In his approach to an innovative, research-led teaching practice Dr Wrighton has developed a personal and professional Philosophy of Teaching and pioneers the latest advances in digital pedagogy in his Teaching Goals, Strategies, and Evaluation Methods.
TEACHING GOALS, STRATEGIES, AND EVALUATION METHODS
In working towards a philosophy of community, enquiry, and responsibility in his teaching practice, Dr Wrighton is committed to the development of research-led pedagogic frameworks that enhance and diversify student learning opportunities across all levels. In particular, he explores innovative learning strategies to provide transferable skills through stepped progression, and works to facilitate the integration of blended learning utilizing e-technologies in constructive alignment with curriculum delivery and learning outcomes.
A dynamic mix of lectures (bite-size, 15 to 20 minutes, or full length, up to 1.5 hours, with class interaction and Q&A), whole-group and small-group discussion, team-work, individual and group presentations, and workshop activities (writing and creative exercises), forms the core class contact-time of Dr Wrighton’s teaching. The balance of these activities and modes of learning is co-constructed with the course curriculum and learning outcomes and tailored to the particular needs of the students in order to maximize suitable learning opportunities. The modes of learning are designed such that students experience the various ways in which knowledge is transferred, analyzed and evaluated, and actively engage in the critical skills of argumentation and discussion. Topics are introduced using varied theoretical approaches and critical lenses and students are encouraged to challenge given ideas and to breakdown structures of epistemology, historiography and narratology, and to reflect on the process of learning itself offered by the course structure.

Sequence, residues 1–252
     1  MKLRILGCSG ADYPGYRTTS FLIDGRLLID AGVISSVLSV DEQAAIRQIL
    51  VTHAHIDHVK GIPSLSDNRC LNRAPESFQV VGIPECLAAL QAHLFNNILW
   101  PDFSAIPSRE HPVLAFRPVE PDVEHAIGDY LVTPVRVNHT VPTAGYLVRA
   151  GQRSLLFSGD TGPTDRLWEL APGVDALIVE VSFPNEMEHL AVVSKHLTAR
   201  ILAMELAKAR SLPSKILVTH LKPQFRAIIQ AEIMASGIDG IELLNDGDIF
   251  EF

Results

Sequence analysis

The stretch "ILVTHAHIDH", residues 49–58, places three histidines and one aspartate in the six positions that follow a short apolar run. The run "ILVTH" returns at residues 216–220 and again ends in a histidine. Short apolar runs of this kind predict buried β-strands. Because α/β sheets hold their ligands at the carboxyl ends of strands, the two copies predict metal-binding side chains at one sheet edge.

Information is presented using the multiple media of visual, aural, and written forms, and students are guided in the analysis and translation of meaning across and between media. An innovative aspect of Dr Wrighton’s research-led teaching activities is the visualization of archival manuscripts and objects using a high-definition document camera in combination with an interactive SMART LCD screen. These tools enable students to explore new ideas collaboratively by juxtaposing and digitally annotating rare images and artifacts. In combination with annotated lecture-capture and digital flipcharts (i.e. Panopto CourseCast and Papershow), student discussion and tutor commentary can be recorded for wider dissemination and revision purposes.
As students are encouraged to be critical of various reading practices, so too are opportunities for reflective learning key to students’ self-awareness and personal development. Dr Wrighton thus provides his students with an individual Reflective Learning Journal as part of their Virtual Learning Environment for the course, and guide students through this ongoing process of reflective learning by periodically posting questions, responding to and commenting on student entries. Indeed, class contact-time is embedded as part of students’ overall learning activities which include one-to-one tutorial, structured peer-review and appraisal, online interactivity and peer-support, and regular feedback on formative and summative assessments.
The conventional written essay remains an important part of course assessment effective in the testing and development of core threshold concepts (i.e. synthesis of complex arguments) whilst allowing students to exploit its flexibility and openness by demonstrating originality and independent thinking. Dr Wrighton makes extensive use of the portfolio which helps students to break-down the elements of essay-writing, and bite-size critical or creative ‘interventions’ which develop problem-solving skills. His teaching also focuses on professional skills training through experiential learning in presentations, group-work, and practice-based activities in the community.